Why I took the ALS Ice Bucket Challenge

Like thousands of individuals around the world, I took the Ice Bucket Challenge last week.

You might wonder why I took the challenge given that my focus at the National MS Society is to find solutions for people with multiple sclerosis. MS is a completely different disease, after all. 

I had two reasons for taking the challenge – One personal and one scientific. 

The personal reason is that I was challenged by my friend and blogger, Trevis Gleason (check out his challenge video here). Once Trevis laid down the challenge, I knew it was just a matter of time before I was getting wet and donating to the ALS Association (my charity of choice for this campaign).

The scientific reason is that I want to support ALS research because of the solutions it could bring for both ALS and MS. Yes, that’s right, there is indeed a connection between ALS and MS, beyond the fact that the two diseases affect the brain. 

It turns out that in both MS and ALS, oligodendrocytes – the cells responsible for producing myelin – are damaged.  While the way these cells are damaged differs in ALS and MS, both diseases share a common problem, and finding solutions to this is the focus of about a third of the Society’s research portfolio, including a collaborative research project we’re funding at Johns Hopkins University.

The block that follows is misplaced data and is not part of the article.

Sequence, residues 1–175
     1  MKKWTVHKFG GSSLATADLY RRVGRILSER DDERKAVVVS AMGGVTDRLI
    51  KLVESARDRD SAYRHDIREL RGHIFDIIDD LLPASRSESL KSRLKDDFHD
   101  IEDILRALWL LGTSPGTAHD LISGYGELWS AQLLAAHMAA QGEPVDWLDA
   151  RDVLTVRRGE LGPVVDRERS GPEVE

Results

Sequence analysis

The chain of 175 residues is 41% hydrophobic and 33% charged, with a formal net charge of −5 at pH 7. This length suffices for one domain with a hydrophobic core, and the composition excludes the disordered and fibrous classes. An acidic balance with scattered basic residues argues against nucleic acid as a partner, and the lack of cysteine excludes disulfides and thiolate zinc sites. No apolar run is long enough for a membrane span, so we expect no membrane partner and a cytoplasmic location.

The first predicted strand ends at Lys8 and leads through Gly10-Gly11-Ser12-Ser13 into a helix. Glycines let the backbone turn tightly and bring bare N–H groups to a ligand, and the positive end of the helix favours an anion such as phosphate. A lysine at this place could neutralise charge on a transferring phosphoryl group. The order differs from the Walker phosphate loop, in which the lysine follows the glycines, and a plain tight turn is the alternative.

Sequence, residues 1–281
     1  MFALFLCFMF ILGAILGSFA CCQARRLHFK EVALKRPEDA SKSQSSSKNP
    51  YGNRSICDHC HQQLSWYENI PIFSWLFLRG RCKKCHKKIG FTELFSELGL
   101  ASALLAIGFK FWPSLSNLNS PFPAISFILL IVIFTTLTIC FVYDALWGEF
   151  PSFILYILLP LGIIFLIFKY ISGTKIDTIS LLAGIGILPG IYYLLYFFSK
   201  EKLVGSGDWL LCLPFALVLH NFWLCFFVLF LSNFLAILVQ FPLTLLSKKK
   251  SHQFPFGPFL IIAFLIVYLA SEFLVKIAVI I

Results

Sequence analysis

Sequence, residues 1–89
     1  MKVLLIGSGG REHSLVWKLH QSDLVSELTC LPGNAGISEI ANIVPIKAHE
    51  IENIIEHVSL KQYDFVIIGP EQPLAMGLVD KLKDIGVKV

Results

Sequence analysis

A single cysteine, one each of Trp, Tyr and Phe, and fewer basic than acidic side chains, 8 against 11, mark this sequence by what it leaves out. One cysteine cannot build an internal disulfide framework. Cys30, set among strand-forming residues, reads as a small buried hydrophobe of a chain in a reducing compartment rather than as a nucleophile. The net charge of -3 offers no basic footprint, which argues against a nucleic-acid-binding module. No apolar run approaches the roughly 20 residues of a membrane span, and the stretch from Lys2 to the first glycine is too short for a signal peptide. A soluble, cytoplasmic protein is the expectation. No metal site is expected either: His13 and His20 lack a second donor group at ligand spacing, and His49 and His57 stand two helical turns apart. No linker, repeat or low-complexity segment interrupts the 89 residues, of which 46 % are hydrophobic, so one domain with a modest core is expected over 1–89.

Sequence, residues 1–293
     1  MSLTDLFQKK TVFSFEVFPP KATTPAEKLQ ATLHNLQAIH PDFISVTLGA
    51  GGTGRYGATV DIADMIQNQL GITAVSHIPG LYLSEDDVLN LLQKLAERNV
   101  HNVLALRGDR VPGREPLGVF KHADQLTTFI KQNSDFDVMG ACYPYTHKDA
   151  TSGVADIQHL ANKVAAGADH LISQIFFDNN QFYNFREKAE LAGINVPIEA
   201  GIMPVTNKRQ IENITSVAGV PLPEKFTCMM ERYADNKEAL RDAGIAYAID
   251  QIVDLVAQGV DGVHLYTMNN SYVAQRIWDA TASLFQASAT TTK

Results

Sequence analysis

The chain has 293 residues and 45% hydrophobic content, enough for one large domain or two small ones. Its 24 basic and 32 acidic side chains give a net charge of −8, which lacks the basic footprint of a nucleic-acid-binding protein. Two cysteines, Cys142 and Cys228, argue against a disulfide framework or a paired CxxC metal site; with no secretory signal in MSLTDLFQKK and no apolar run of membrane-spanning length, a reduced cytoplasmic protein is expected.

With Society funding, MS researchers, Drs. Peter Calabresi and Katherine Whartenby have teamed up with ALS researchers, Drs. Dwight Bergles and Jeffrey Rothstein, to bring their respective expertise to understand how oligodendrocytes are damaged in ALS and MS, and to use this information to find treatments that can prevent this damage and pave the way for nervous system repair. Read more about efforts to repair the nervous system.

This collaboration is just one example of how researchers across the world are working together to find solutions for people with MS and other brain diseases. That’s why I took the challenge, and that’s why I challenge National MS Society volunteers, Joe Piper and John Bjornson and international colleagues Dr. Karen Lee (MS Society of Canada), and Luke Thomas (MS International Federation)! You can check out my video here, and see my friend Trevis do the honors.

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Timothy

Timothy Coetzee, PhD

Dr. Timothy Coetzee, National MS Society Chief Advocacy, Services and Research Officer, has been a leader in the pursuit of innovative ways to move us closer to a world free of MS since receiving his PhD in microbiology and immunology in 1993.